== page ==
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Cell Metab. 2014 Nov 4;20(5):719-730. doi: 10.1016/j.cmet.2014.10.016. Epub 2014 Nov 4.

Specialized metabolites from the microbiome in health and disease.

Author information

1
Division of Biology and Biological Engineering, California institute of Technology, Pasadena, CA 91125, USA.
2
Skaggs School of Pharmacy & Pharmaceutical Sciences, University of California at San Diego, La Jolla, CA 92093, USA.
3
Department of Chemistry and Biochemistry, University of Colorado, Boulder, CO 80309, USA.
4
Department of Chemistry and Biochemistry, University of Colorado, Boulder, CO 80309, USA; Howard Hughes Medical Institute, Boulder, CO 80309, USA.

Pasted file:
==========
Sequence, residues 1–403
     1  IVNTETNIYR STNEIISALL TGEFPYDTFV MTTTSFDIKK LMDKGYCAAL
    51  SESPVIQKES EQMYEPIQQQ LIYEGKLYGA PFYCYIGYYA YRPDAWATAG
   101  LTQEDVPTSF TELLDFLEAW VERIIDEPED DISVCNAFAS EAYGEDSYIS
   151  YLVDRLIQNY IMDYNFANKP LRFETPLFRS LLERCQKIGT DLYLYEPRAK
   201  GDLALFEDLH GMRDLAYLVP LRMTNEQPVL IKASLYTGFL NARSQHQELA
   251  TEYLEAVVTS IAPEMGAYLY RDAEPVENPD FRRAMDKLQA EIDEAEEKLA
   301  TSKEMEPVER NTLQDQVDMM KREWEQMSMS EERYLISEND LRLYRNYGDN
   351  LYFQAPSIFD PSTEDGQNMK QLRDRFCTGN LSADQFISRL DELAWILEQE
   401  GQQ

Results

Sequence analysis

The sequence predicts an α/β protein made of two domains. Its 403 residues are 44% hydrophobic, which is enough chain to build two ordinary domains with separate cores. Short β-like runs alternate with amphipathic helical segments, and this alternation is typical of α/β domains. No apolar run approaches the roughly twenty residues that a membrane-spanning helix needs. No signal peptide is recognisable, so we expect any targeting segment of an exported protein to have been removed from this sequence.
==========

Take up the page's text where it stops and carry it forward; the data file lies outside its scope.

5
Skaggs School of Pharmacy & Pharmaceutical Sciences, University of California at San Diego, La Jolla, CA 92093, USA; Department of Pharmacology, University of California at San Diego, La Jolla, CA 92093, USA.
6
Division of Biology and Biological Engineering, California institute of Technology, Pasadena, CA 91125, USA. Electronic address: sarkis@caltech.edu.

Abstract

The microbiota, and the genes that comprise its microbiome, play key roles in human health. Host-microbe interactions affect immunity, metabolism, development, and behavior, and dysbiosis of gut bacteria contributes to disease. Despite advances in correlating changes in the microbiota with various conditions, specific mechanisms of host-microbiota signaling remain largely elusive. We discuss the synthesis of microbial metabolites, their absorption, and potential physiological effects on the host. We propose that the effects of specialized metabolites may explain present knowledge gaps in linking the gut microbiota to biological host mechanisms during initial colonization, and in health and disease.

PMID:
25440054
PMCID:
PMC4337795
DOI:
10.1016/j.cmet.2014.10.016
[Indexed for MEDLINE]
Free PMC Article

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